At Capital High School in Charleston, West Virginia principal Clinton Giles cancelled the Pledge of Allegiance and National Anthem, reports WCHS-TV.
Giles made the decision after getting complaints that he was forcing students to recite the pledge.
Kanawha County Schools Superintendent Ron Duerring told WCHS-TV: "My understanding is we had some calls from parents that students were being told that they had to stand and if they didn't stand for the Pledge of Allegiance, and I also believe they played the African-American national anthem, then they were disciplined for that."
Duerring said that school administrators are required to say the pledge, but students are not required to stand and recite it: "There are court cases at the national level, supreme court level, federal and state that say you can't force any child to stand for any pledge of any kind."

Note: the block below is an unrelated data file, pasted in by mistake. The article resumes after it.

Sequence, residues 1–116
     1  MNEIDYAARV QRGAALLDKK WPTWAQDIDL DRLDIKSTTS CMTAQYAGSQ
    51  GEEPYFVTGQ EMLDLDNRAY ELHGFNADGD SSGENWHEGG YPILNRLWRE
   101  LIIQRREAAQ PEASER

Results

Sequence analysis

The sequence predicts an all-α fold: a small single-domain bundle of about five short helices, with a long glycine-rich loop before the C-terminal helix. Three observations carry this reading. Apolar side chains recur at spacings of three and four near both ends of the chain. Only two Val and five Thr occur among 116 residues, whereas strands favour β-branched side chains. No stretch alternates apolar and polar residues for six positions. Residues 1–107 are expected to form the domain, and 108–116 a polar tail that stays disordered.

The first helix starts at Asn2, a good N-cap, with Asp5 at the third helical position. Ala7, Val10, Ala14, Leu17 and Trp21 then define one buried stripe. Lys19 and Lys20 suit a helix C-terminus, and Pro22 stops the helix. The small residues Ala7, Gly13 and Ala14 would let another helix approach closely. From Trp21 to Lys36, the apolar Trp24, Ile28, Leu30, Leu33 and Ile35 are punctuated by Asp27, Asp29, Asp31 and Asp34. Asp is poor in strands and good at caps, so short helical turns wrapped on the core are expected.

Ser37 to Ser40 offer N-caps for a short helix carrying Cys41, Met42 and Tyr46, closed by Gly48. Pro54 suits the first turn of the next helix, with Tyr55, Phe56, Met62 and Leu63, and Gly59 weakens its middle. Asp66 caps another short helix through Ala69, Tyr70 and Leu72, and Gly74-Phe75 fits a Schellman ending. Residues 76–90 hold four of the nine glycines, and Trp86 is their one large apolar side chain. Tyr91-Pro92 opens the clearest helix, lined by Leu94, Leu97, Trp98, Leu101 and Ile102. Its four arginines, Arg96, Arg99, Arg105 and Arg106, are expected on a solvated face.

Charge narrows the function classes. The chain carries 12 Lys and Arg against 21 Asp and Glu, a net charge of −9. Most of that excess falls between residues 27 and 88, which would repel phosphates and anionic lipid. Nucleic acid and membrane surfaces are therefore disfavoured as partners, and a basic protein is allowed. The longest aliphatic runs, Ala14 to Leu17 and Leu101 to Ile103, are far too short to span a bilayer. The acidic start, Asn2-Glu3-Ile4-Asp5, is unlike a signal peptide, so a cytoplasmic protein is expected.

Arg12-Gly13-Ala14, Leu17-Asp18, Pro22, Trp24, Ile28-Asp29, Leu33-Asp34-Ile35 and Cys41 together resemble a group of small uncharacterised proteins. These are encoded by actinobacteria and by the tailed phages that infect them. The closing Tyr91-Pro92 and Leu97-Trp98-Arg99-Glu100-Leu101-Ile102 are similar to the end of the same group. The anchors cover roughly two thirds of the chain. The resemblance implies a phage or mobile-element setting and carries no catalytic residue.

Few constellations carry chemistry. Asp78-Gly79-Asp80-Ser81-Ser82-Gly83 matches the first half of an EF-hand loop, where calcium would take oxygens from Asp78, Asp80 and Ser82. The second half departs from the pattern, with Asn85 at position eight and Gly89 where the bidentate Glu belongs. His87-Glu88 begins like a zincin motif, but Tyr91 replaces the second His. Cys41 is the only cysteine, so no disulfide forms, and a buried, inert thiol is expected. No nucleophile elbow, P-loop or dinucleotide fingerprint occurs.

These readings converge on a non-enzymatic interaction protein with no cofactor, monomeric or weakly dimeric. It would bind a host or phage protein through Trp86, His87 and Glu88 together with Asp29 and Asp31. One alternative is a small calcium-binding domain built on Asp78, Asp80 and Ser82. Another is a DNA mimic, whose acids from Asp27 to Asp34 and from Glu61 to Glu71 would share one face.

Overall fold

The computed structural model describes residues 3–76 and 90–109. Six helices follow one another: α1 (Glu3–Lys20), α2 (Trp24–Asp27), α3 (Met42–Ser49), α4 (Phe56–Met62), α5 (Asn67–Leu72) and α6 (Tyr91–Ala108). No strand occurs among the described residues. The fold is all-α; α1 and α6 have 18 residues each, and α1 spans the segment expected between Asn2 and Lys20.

Giles said in January that he changed the rule, from giving students the option to sit or stand -- to making them stand.
After the complaints came to the superintendent, Giles cancelled the Pledge of Allegiance and National Anthem on Monday morning.
Giles said the pledge and anthem returned Tuesday. He's pleased with the response that he got from students who were upset when the pledge was cancelled. Apparently, he was trying to make a point that more students wanted the pledge than those who objected.
Read News In The App
Open In App